Five Black men who rode with John Brown

Herb Boyd | 10/17/2013, 11:25 a.m.
Few Americans were as devout and determined to end slavery in this country as John Brown
Shields Green awaiting trial

Anderson was the only Black survivor and eventually made his way back to Canada, where, with the assistance of Mary Shadd, he wrote his remarkable story about the raid, called “A Voice from Harper’s Ferry.” Later, he would return to the States and volunteer as a soldier for the Union.

Copeland and Green were both executed along with Brown, and like their fearless leader, they died with dignity.

Leary’s widow married Charles Langston, the brother of John Mercer Langston, the first Black elected official in the nation. Mary Leary would become the grandmother of Langston Hughes, and as you can see, he was named after his grandfather’s surname.

When Du Bois wrote his book on Brown in 1909, it was 50 years after Brown’s death, and Du Bois closed his account with a quote from Brown before he went to the gallows.

“You had better … prepare yourselves for a settlement of this question,” Brown warned the slaveholders. “It must come up for settlement sooner than you are prepared for it, and the sooner you commence that preparation, the better for you. You may dispose of me very easily—I am nearly disposed of now; but this question is still to be settled—this Negro question, I mean. The end of that is not yet.”

And John Brown’s final words are no less prophetic and heedful today as they were in the moments before his life was snatched from him.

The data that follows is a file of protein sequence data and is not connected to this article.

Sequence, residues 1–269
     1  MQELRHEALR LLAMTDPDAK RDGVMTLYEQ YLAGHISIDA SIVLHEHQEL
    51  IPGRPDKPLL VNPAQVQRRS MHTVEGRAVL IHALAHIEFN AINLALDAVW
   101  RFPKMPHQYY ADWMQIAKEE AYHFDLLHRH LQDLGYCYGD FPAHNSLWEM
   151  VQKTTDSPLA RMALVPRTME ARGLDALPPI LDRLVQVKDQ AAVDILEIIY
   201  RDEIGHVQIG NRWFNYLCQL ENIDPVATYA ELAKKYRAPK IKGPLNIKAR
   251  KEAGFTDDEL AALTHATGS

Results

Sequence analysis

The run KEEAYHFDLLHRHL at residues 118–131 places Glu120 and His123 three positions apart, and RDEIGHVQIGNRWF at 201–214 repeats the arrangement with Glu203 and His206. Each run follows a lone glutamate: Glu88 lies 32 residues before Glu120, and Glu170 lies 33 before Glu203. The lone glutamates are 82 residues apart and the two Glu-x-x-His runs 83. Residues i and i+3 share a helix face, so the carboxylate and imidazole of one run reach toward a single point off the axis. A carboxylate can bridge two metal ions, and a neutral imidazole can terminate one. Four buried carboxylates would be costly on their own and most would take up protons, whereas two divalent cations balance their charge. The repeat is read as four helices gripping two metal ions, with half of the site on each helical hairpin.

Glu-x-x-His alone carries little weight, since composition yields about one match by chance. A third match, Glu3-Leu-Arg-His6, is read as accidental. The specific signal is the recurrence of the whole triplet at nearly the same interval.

• Find out more: Much more needs to be known about John Brown and his vision, and why the Black men and others who rode with him believed so passionately in his quest. Obviously, he was a man possessed of great charisma, but we need to understand the details of his plans after taking the arsenal at Harper’s Ferry.
  • Discussion: Any discussion about Brown is connected to a better overall understanding of the Black men. Were they ever in doubt of the plan? What were some of their hopes and dreams if the raid had been successful? How did their families feel about what they were doing?
  • PLace in context: When Brown launched his raid in 1859, it was nine years after the passing of the Fugitive Slave Act, which meant it was open season on runaway slaves, even if they thought they were safe in the North. The raid occurred five years after Brown’s fight for the emancipation of slaves in Kansas, so further combat from him should not have come as a surprise to his enemies.

This Week in Black History

  • Oct. 16, 1995: Minister Louis Farrakhan leads an assembly of a reported 2 million people at the Million Man March in Washington, D.C.
  • Oct. 19, 1943: The great actor, singer, political activist and humanitarian Paul Robeson debuts as Othello at the Shubert Theater in New York City.
  • Oct. 21, 1917: Trumpeter John Birks Gillespie, known to the world as “Dizzy,” is born in Cheraw, S.C.